Parallax (Star Trek: Voyager)

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Star Trek: Voyager episode
Episode no.Season 1
Episode 3
Directed byKim Friedman
Story byJim Trombetta
Teleplay byBrannon Braga
Featured musicDennis McCarthy
Production code103
Original air dateJanuary 23, 1995 (1995-01-23)
Guest appearance(s)
Episode chronology
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"Time and Again"
Star Trek: Voyager (season 1)
List of Star Trek: Voyager episodes

"Parallax" is the third episode of the science fiction television series Star Trek: Voyager. The episode was directed by Kim Friedman and broadcast on January 23, 1995;[1] the story was written by Jim Trombetta with the teleplay by Brannon Braga.[2]

Starship Voyager detects a distress call and stops to investigate.[3]


This episode's teleplay was written by Brannon Braga.[4] Brannon Braga was one of the major writer's for Star Trek in the late 1990s and early 2000s;[5] some of his writing was not without controversy, and he later noted in an interview in the 2010s, "I will take full responsibility for any flawed or downright bad storytelling or creative decisions that hurt the franchise."[5]


As Voyager starts its way back home from the Delta Quadrant, tensions between the Starfleet and the Maquis crewmembers begin to rise, and some brief hostilities are incurred. However, both Captain Kathryn Janeway and her first officer, Chakotay, originally the captain of the Maquis crew, agree they need to integrate the two crews as one to fill vacancies left by the disastrous events to date. Of note, Chakotay recommends B'Elanna Torres, one of the more outspoken Maquis and a former Starfleet cadet, to be Chief of Engineering, a move that Janeway is hesitant about, considering that Torres recently broke another engineer's nose in a fight.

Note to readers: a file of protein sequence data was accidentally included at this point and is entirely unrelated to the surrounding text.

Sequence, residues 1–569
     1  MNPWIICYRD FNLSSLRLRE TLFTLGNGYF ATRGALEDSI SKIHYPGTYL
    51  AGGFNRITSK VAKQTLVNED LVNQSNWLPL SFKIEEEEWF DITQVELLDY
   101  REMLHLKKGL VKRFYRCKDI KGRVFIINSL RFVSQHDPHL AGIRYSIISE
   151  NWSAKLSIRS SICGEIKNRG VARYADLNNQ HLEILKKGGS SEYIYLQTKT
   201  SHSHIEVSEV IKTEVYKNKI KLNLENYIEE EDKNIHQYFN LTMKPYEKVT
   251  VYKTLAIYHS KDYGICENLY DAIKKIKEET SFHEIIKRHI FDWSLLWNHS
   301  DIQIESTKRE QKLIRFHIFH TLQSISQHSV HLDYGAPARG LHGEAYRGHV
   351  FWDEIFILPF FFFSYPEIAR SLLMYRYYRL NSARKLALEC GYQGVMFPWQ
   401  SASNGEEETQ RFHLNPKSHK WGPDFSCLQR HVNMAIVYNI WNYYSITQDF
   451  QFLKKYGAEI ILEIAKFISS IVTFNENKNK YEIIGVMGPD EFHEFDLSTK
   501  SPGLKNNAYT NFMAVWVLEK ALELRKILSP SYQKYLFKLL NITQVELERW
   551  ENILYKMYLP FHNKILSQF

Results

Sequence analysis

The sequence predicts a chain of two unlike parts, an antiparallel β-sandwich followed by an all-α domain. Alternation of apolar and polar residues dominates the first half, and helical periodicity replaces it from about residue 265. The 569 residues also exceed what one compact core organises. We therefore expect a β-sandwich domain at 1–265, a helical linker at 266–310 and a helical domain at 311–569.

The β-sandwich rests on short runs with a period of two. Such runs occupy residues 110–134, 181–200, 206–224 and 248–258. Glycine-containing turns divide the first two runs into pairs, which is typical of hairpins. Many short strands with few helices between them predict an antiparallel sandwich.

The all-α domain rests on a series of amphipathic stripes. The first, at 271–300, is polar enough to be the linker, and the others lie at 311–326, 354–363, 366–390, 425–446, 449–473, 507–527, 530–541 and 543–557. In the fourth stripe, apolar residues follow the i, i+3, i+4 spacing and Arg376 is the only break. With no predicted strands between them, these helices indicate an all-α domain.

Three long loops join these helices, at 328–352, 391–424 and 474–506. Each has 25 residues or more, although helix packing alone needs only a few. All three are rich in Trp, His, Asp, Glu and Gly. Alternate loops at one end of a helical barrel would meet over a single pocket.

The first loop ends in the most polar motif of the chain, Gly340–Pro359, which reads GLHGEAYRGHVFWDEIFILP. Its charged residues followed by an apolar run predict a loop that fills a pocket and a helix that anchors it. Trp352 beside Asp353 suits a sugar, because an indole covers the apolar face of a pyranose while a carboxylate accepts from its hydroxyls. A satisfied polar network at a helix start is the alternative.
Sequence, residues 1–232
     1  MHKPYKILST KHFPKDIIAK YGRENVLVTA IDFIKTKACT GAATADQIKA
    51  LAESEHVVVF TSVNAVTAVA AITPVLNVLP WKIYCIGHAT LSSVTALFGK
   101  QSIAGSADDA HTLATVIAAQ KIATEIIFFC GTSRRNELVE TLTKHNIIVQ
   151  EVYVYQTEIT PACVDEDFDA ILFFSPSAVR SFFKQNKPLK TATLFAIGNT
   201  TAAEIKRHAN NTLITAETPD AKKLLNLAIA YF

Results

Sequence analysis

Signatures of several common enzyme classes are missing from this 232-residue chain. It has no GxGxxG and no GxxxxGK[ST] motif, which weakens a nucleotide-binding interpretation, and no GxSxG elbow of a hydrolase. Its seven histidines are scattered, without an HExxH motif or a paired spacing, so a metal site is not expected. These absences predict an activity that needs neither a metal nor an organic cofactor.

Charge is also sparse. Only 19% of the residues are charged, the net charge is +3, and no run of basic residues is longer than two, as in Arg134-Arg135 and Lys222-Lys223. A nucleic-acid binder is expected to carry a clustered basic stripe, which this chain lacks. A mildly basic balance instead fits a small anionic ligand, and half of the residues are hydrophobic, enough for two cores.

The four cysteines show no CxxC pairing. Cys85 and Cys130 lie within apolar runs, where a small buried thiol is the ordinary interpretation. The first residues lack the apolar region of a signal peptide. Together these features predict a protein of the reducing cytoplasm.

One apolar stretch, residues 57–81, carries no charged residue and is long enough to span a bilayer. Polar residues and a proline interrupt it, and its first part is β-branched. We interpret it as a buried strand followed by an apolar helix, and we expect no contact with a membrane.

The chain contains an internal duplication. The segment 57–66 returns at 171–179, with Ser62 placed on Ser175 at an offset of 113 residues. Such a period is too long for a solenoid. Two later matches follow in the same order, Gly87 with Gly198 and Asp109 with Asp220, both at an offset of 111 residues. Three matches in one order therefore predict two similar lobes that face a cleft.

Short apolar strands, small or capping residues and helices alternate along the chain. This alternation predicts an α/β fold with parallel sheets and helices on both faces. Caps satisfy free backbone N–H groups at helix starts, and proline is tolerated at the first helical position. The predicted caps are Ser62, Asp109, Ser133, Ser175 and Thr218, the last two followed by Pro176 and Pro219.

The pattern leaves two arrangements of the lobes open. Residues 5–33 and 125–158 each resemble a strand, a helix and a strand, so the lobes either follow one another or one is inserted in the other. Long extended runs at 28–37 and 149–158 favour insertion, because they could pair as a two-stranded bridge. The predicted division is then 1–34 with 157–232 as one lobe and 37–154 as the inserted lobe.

As the ship passes near a quantum singularity, the Voyager crew detect a ship stuck in the singularity's event horizon. Receiving no contact with the ship, they attempt to move in closer to engage the ship via tractor beams, but the result damages more of Voyager's systems. Janeway orders the crew to take Voyager to a nearby planet to seek help for the trapped ship. However, after some time has passed, the crew finds themselves back at the singularity, and quickly realize the ship they are seeing is themselves from before; the ship has become trapped in the singularity, and it is impacting several of the ship's systems.

Eventually, they discover a point in space where Voyager crossed into the singularity, but it has since shrunk, too small for Voyager to exit through. Janeway takes Torres, who has knowledge of singularities, on a shuttle to the opening, using the shuttle's shields to expand the opening large enough for Voyager to pass through. However, the result damages their communications systems; on returning to Voyager they find two versions of the ship, both appearing real to their sensors. Though they have a heated argument about which ship is the correct Voyager, Janeway makes the ultimate decision, and correctly picks the right vessel. Voyager leaves the singularity safely and begins to effect repairs. Janeway follows through on Chakotay's advice and promotes Torres to Chief Engineer.


"Parallax" was noted by USA Today as an interesting episode of the franchise and this series, noting the acting performance by Kate Mulgrew as Captain Janeway.[6]

This episode was noted for exploring the idea of temporal reflections;[4] this concept was acknowledged by the 2016 Star Trek novella, Department of Temporal Investigations: Time Lock.[4]


  1. ^ Yost, Kimberly (12 December 2013). "From Starship Captains to Galactic Rebels: Leaders in Science Fiction Television". Rowman & Littlefield – via Google Books.
  2. ^ Bennett, Christopher L. (5 September 2016). "Department of Temporal Investigations: Time Lock". Simon and Schuster – via Google Books.
  4. ^ a b c Bennett, Christopher L. (2016-09-05). Department of Temporal Investigations: Time Lock. Simon and Schuster. ISBN 9781501123344.
  5. ^ a b Caron, Nathalie (2012-12-15). "Brannon Braga says accusations he killed Star Trek are 'absurd'". SYFY WIRE. Retrieved 2019-07-23.
  6. ^ "The 5 best episodes to get you hooked on 'Star Trek'". For The Win. 2016-08-31. Retrieved 2019-03-29.

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